This had been promised by successive US presidents, Republican and Democrat alike, but never implemented. Trump’s initiative has not been revoked by President Joe Biden.

Malcolm Turnbull resigned as the member for Wentworth soon after he was replaced by Morrison as prime minister in August 2018. The by-election was held four days after Morrison’s media conference. Dave Sharma, Australia’s ambassador to Israel from 2013 to 2017, was the Liberal Party candidate for Wentworth. Contrary to a common misconception in some quarters, Sharma is not Jewish.

In his media conference, Morrison mentioned an article by Sharma published in the Lowy Institute’s Interpreter on May 15, 2018. On May 18, Sharma wrote a piece in The Sydney Morning Herald broadly sympathetic to Trump’s decision to relocate the US embassy to West Jerusalem and suggested that Australia might do the same.

Sharma pointed out that Trump’s action did not preclude the future of a Palestinian state being located in East Jerusalem.

As it turned out, Sharma was defeated at the Wentworth by-election on October 20, 2018, by independent Kerryn Phelps. Morrison clarified Australia’s position in a speech delivered to the Sydney Institute in December 2018. He said that Australia regarded West Jerusalem, “being the seat of the Knesset (Israeli parliament) and many of the institutions of government”, as the “capital of Israel”.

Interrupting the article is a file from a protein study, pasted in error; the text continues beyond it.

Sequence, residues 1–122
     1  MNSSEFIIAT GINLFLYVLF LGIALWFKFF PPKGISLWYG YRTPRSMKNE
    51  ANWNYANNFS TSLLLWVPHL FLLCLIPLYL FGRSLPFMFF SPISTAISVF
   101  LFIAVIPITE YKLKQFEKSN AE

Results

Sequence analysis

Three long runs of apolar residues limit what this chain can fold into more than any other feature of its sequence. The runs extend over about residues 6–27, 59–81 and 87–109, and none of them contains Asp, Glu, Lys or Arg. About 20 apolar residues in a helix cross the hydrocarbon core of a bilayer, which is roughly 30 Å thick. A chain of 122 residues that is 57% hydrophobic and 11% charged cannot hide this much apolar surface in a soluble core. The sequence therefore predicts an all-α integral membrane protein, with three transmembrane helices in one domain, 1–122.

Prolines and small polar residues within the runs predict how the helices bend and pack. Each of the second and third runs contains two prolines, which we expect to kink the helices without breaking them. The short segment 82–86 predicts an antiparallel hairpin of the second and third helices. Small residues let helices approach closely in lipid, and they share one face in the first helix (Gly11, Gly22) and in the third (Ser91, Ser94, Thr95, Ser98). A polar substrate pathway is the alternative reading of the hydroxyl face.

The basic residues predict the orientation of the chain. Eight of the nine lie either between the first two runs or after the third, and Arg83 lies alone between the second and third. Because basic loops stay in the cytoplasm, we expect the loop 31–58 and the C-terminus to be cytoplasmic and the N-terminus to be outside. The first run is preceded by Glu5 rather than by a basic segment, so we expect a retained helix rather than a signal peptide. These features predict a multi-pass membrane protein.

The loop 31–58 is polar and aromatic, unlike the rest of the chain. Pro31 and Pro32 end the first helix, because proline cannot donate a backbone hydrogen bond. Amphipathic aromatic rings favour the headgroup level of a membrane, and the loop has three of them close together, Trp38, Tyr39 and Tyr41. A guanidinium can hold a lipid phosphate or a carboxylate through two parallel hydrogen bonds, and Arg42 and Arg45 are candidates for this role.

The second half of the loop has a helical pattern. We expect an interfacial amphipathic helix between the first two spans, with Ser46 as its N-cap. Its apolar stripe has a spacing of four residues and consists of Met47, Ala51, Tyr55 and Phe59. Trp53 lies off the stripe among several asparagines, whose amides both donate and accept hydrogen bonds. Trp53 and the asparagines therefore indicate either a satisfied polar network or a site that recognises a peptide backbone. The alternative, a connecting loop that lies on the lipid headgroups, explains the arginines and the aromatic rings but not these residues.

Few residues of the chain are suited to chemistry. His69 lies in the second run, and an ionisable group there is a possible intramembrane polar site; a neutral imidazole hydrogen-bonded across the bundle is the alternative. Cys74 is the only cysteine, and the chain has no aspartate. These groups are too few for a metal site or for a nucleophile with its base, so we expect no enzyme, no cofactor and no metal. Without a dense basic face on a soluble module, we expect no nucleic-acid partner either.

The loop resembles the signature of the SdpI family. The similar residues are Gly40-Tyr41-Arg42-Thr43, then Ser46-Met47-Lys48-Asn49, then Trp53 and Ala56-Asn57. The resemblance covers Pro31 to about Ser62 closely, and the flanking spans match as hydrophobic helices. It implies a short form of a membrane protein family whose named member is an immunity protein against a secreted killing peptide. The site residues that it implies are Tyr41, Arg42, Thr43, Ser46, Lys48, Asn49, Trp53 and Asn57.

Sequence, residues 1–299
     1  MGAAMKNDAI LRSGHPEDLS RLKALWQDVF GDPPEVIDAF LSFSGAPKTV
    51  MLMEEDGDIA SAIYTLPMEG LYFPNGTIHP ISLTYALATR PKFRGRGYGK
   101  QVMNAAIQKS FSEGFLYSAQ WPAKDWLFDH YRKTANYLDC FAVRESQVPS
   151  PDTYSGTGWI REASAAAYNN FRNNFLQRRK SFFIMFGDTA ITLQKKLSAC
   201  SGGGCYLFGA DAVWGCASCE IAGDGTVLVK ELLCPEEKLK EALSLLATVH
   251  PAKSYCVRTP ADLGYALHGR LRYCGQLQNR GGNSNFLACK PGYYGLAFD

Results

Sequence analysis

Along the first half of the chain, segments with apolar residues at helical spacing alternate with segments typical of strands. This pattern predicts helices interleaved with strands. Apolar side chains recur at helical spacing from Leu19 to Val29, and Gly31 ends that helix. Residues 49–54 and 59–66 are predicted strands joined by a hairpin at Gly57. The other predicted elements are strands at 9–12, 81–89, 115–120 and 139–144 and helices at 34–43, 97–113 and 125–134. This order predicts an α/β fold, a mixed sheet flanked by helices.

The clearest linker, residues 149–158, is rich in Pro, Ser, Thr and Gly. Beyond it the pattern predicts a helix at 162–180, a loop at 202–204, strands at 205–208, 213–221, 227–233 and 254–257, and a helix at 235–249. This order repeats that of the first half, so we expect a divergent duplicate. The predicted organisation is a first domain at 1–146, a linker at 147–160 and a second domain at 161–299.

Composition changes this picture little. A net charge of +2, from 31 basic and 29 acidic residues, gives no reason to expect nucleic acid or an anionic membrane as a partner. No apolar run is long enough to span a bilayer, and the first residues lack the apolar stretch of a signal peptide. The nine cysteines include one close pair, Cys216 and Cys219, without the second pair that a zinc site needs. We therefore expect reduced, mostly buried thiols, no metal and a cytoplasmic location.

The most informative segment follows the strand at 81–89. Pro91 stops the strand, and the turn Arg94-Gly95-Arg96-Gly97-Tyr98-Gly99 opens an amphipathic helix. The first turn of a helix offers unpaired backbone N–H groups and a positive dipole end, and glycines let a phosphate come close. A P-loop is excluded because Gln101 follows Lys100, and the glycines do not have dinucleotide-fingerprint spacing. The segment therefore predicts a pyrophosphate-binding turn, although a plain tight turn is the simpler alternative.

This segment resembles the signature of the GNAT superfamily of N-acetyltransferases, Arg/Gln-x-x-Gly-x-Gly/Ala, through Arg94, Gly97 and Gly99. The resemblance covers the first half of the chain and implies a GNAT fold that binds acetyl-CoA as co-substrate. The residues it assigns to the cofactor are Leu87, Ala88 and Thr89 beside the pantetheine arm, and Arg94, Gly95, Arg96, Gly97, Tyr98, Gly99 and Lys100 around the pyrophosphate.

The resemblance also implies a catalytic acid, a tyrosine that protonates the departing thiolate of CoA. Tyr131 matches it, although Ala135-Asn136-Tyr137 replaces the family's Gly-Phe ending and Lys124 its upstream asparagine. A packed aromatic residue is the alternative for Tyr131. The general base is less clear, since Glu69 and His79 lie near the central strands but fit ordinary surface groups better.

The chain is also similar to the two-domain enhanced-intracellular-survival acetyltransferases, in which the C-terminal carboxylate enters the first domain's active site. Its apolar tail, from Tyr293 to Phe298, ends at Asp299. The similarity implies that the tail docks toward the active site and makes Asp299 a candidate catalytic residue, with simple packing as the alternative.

He added that Australia looked forward to moving the embassy to West Jerusalem “when practical, in support of, and after the final ­determination” of the division of land between Israel and the Palestinian Authority.

And there the matter rested until early this week. When the DFAT website alteration became public knowledge on Monday, Wong’s office was reported as saying that there had been no change to Australia’s existing position vis-a-vis Israel. However, on Tuesday the Foreign Minister announced that cabinet has just junked the Morrison government’s decision.